Words Ronnie Haydon
Illustrations Damien Florébert Cuypers
Michelle Lovric longed to live in Venice when she was a little girl. Now she does. In her beautiful book The Undrowned Child, suitable for children eight and above, central character Teodora's dream to visit the floating city also comes true, but there are strange things happening below the surface. Lovric tells us how to get the best out of the watery city...
"Water is a friend and an enemy in Venice; on a good day, and even in the middle of a serious high water, Venice's water creates a dancing, joyous pattern of reflections under bridges and on ceilings. There are bizarre and beautiful things floating down the Grand Canal every day: flowers, coffins, grand pianos, palm trees, dancing Chinese dragons.
"In late December and early January the light is golden and the city is so peaceful. Then there's the Venezianissimo festival of La Befana on 6 January. Gondoliers dress up as old ladies and race down the Grand Canal - often a mist makes it all seem more magical and strange. A boat carries a huge stocking to Rialto, where choirs are singing and galani (crunchy sugar-dusted biscuits) are given out along with mud-thick Venetian hot chocolate.
"On his last visit, my nephew spent his entire pocket money taking us all on a gondola ride . It is best to do this in the evening, when the city reverts right back to her deep past.
You must ask the gondolier to head straight for the quiet canals. "If the gondola is a bit expensive, there is a way you can have a short ride in one for 50 cents (NOK4): take a traghetto . These are real gondolas that work as ferries, taking up to 14 people at a time across the Grand Canal. In The Undrowned Child, Teo meets the ghost of Pedro-the-Crimp on the traghetto between San Samuele and Ca' Rezzonico.
"Children love Venice's Natural History Museum (1730 Sante Croce, www.msn.visitmuve.it). Inside is an up-to-the-minute modern section, including a whole dinosaur skeleton and the bones of a vast primeval crocodile. The stuffed animals in this museum feature in my forthcoming novel, The Fate in the Box.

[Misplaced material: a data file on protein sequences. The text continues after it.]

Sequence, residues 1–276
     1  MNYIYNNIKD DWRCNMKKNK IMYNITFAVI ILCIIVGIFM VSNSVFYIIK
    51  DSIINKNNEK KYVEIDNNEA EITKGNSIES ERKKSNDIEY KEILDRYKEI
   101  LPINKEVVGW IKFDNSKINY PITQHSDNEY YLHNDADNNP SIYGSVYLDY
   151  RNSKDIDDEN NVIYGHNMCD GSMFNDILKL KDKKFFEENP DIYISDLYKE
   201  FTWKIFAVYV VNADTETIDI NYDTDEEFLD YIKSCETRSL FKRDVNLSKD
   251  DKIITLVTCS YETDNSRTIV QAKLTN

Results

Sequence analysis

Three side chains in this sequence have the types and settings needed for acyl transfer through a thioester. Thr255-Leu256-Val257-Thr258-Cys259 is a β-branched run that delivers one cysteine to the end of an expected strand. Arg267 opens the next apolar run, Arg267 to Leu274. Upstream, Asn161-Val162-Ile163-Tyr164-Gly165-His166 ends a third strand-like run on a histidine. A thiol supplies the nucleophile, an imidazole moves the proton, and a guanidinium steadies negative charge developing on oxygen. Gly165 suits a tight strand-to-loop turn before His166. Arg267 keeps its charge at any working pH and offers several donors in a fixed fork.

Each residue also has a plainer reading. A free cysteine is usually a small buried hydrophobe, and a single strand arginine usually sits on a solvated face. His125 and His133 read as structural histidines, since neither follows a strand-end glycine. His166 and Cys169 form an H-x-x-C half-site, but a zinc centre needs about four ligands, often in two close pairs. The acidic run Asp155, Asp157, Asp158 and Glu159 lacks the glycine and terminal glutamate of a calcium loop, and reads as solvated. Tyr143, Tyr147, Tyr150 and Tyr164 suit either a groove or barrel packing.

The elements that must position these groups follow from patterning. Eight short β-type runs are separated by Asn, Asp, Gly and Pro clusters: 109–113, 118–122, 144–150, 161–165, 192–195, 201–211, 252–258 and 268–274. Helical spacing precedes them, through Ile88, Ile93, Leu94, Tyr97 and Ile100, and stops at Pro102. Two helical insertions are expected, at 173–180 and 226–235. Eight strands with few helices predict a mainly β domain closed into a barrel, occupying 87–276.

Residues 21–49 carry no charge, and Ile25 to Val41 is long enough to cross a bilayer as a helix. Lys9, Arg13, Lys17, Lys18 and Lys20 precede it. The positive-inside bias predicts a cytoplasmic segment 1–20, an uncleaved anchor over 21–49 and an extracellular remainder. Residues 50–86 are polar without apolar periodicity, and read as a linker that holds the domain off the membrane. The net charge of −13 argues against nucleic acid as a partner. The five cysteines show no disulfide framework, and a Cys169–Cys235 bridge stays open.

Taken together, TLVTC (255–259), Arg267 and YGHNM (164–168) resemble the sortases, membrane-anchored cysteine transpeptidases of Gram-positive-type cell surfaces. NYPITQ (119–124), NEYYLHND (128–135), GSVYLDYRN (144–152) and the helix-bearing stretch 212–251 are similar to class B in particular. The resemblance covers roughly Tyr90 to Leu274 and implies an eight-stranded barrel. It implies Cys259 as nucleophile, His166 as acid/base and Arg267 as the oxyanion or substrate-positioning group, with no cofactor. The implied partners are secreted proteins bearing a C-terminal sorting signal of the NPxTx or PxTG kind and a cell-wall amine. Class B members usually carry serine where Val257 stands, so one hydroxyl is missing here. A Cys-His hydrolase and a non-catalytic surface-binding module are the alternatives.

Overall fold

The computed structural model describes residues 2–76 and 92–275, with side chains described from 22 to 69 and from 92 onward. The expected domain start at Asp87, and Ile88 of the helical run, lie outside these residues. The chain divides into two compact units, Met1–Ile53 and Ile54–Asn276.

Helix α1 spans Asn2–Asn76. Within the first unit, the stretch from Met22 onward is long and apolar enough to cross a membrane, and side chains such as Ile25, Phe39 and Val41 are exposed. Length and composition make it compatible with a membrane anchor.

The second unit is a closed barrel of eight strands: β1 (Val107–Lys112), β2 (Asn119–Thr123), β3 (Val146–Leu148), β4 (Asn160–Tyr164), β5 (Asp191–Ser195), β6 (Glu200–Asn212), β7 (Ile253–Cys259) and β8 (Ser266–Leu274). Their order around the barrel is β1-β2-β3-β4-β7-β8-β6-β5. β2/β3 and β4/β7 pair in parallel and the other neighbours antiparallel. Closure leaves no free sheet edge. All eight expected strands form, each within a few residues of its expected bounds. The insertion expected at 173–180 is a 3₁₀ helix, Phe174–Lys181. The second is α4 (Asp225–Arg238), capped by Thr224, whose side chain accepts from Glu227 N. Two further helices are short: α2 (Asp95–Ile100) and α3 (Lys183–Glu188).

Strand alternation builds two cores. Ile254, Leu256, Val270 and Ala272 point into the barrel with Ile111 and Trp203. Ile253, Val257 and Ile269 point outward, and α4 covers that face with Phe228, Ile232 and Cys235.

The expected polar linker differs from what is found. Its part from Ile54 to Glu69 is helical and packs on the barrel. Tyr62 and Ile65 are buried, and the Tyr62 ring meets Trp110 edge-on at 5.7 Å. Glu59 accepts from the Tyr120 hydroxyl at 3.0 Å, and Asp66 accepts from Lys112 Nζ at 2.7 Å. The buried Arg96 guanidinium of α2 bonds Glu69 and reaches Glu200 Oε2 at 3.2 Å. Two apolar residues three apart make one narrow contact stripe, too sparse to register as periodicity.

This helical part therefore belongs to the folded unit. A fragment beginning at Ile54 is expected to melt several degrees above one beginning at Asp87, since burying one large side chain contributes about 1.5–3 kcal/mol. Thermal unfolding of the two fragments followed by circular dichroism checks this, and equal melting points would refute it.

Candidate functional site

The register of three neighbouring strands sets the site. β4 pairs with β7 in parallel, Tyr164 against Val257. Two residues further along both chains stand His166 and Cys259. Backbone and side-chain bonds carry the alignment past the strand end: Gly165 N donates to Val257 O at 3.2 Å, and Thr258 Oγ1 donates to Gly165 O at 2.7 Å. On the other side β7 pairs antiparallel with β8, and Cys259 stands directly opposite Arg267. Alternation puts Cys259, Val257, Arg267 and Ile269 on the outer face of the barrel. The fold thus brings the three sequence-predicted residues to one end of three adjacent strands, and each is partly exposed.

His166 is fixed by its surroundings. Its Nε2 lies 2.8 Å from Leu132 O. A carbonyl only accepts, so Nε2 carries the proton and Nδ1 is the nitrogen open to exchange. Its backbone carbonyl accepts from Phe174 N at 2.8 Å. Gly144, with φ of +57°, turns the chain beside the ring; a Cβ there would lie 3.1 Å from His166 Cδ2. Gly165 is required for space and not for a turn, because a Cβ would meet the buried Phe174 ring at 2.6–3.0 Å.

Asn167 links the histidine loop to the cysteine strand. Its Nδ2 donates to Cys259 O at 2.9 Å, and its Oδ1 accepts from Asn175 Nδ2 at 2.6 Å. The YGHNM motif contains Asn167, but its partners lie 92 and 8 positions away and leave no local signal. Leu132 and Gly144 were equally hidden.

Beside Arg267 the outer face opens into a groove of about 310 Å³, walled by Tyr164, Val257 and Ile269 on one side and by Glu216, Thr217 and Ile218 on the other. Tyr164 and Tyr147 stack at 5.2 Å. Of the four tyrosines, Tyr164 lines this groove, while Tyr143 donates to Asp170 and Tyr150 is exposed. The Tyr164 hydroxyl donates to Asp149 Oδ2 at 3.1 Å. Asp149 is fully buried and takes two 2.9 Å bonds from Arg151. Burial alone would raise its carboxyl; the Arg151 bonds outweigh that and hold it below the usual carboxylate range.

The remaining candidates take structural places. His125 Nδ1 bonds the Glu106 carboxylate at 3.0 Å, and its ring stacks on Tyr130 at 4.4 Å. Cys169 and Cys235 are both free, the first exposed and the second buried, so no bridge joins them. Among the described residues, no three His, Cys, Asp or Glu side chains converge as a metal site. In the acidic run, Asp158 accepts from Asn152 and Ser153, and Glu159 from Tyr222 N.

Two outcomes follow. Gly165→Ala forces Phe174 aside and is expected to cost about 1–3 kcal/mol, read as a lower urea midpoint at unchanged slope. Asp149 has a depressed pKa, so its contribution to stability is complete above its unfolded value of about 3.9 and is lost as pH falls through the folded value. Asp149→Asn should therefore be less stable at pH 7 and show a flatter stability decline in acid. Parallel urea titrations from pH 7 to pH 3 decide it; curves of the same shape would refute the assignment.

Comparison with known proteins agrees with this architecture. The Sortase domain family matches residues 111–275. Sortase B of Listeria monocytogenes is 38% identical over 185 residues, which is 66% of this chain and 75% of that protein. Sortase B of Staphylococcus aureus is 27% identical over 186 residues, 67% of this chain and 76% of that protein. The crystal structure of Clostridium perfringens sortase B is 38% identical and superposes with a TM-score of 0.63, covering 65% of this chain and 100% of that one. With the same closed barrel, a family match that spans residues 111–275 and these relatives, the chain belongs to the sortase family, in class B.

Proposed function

"I always take visiting children to say a respectful hello to the statue of Signor Rioba at the Campo dei Mori. He's a character in The Undrowned Child. One look at that jutting iron nose and I knew he would be rude enough to curse the bladder out of a weasel, and brave enough to fight a werewolf. On the night before 1 May 2010, a vandal decapitated 'Sior' Rioba and the whole city was prostrated with shock. A few days later, a rubbish collector found the head and it is now restored. There was a party for the return of Signor Rioba's head and the Venetians painted their noses black for the occasion."
Rupert Kingfisher is the author of Madame Pamplemousse and her Incredible Edibles (ages 8-12), about a girl who learns to create bewitching dishes such as Pterodactyl bacon with Mme Pamplemousse and her cat, Camembert. Kingfisher, who was inspired by visits to Paris as a child, takes us on a real-life magical journey...
"The Madame Pamplemousse books were inspired by holidays to Paris when I was a child. Ever since then, the city has seemed to me like a magical place. Madame Pamplemousse's shop is located near the hotel where we stayed, down a narrow medieval lane somewhere in the Latin Quarter. You can walk through the Rue Mouffetard , for example, past the food markets, or along the Seine towards Notre Dame. Try to visit the Museum of the Middle Ages (Musée de Cluny, 6 place Paul Painlevé, www.musee-moyenage.fr) before the crowds get there, so you can spend some time alone with the mysterious unicorn tapestries.
"Walking past Notre Dame, you come to the Île Saint-Louis and my favourite café in Paris, La Charlotte de l'Isle (24 rue Saint-Louis en l'Isle, www.lacharlottedelisle.fr), which serves the best hot chocolate. It doubles as a puppet theatre and is elegantly cluttered throughout with puppets and other curios.
"My single favourite building in Paris is the Museum of Natural History (57 rue Cuvier, www.mnhn.fr), for its old Parisian atmosphere and also for its cabinets of strange pickled grotesqueries - a collection not dissimilar to Madame Pamplemousse's shop, in fact."
In Arthur Quinn and the World Serpent (ages 10-12) by Alan Early, all hell breaks loose in Dublin when Arthur and his friends unleash the power of the World Serpent, an evil Viking god, in a metro tunnel. Early tells us where to get a sense of Viking Dublin...
"Dublin's been around since Viking times - and has seen wars, famine, plagues and more besides. Irish people are known for being storytellers and there really is a wealth of stories waiting to be told about Dublin.